BY TOM YAZDGERDI
The murder of George Floyd and the many other disturbing examples of police violence against people of color have awakened a renewed desire in our country to address the continuing legacy of racial and social injustice.
This tragic event has also provided new impetus for looking at the issues of racial bias, diversity and inclusion in the department with an eye toward concrete action. The result we all want is a department that truly reflects the rich diversity of America, where no one feels left out or less than valued.
AFSA is closely following the ideas that people are bringing forward on what can be done to promote diversity at State.
Recent congressional testimony by two former ambassadors, as well as initiatives from the employee affinity groups Blacks in Government, Pickering and Rangel Fellows Association, and Thursday Lunch Group have set forth several proposals worthy of discussion and consideration.
• Mandate the inclusion of, or at least more thoroughly utilize, the representatives of the 14 employee affinity groups (EAGs) in formulating promotion precepts, and use these groups as a sounding board for future initiatives on diversity and inclusion of minorities and women, particularly in and into the senior ranks.
• Include more minorities on the assessment boards and promotion panels.
• Add “advancing diversity inclusion” to the highest level of core competencies for supervising officers, and make it an absolute requirement for promotion (at FS-2 and above).
• Require the department to ensure accurate understanding of how all the fellowships work, especially Pickering and Rangel Fellowships, which should improve the standing of the fellows in the department.
• Formalize a leadership program for FS-3 employees of color, administered by FSI, to provide career guidance and hone their managerial and supervisory skills. Doing so might create a stronger pipeline of officers who are prepared for future chief of mission and DCM positions.
AFSA is working with the Bureau of Global Talent Management, EAGs, Congress and other stakeholders to make sure these and other ideas are carefully vetted, including for any negative unintended consequences.
One idea that has gained some traction in Congress is to establish a mid-level entry program at the FS-3 to FS-1 levels for members of minority communities. While the good intention is to rectify the clear retention problems that the department has with African-American FSOs, in particular, having that new intake would likely create even more of a bulge at the mid-level than is currently the case.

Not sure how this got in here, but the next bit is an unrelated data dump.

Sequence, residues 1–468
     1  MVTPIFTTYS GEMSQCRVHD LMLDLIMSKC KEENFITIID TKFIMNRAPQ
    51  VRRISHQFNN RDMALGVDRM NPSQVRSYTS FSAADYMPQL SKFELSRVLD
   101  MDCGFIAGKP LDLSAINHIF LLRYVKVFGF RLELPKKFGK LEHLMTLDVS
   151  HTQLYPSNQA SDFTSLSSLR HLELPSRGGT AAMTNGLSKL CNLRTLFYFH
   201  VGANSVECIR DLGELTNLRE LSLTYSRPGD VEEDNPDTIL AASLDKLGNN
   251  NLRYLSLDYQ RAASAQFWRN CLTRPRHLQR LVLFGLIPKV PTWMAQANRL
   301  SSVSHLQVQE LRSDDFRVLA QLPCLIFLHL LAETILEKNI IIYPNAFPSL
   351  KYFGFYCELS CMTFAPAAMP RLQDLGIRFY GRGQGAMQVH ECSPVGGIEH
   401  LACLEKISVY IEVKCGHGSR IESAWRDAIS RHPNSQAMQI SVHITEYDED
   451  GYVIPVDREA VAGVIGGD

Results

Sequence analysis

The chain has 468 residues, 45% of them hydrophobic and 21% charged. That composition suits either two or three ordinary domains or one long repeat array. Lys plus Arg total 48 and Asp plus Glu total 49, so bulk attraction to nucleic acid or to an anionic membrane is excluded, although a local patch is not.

What might make more sense is to expand the Pickering and Rangel Fellows programs, which have proven themselves over the course of time.
Another way to attract underrepresented communities to the Foreign Service might be to have paid summer internships generally for college and graduate students at our embassies abroad and at Main State. Right now, these internships are unpaid and, as such, tend to cater to students who do not have to earn money during the summer.
Aside from assessing the creative ideas that are out there at present, AFSA has taken the following initiatives:
Racial bias survey. In mid-July we sent out a survey to all our members asking them to let us know if they had been the subject of racial (or other) discrimination. The Journal will report on the survey in October.
Gender and Race/Ethnicity-Neutral EERs. For some time, AFSA has argued in favor of Employee Evaluation Reports that are not identifiable by name or gender to lessen the chance for unintended bias. We know that this can work because the pilot MSI awards process now uses this format.
Core Precepts and Procedural Precepts. The Core Precepts are reviewed every three years and are familiar to those who have gone through the employee evaluation review (EER) process. The Procedural Precepts govern the work of the Foreign Service selection boards and are negotiated annually with AFSA. We will push for strong diversity and inclusion indicators in both precepts.
Revamping the exit interview process. For too long the exit interview was not taken seriously—either by the department or by employees—and the questions themselves were too broad to yield any significant data.
At AFSA’s urging, the department revamped the process in April to include more specific questions that could shed light on, for example, why mid-level FSOs of color appear to be leaving the Foreign Service (see 20 STATE 40554).
We expect to see the first results of this department-level data quarterly beginning in the fourth quarter of 2020.
Supporting Pickering and Rangel Fellows. We have advocated greater flexibility on the part of the department to provide for the needs of Pickering and Rangel Fellows.
As the main contributor to diversity in the department, these programs are too important to be potentially derailed by these unprecedented times.
Please let us know at email@example.com what you think should be done to promote diversity and inclusion in our Service.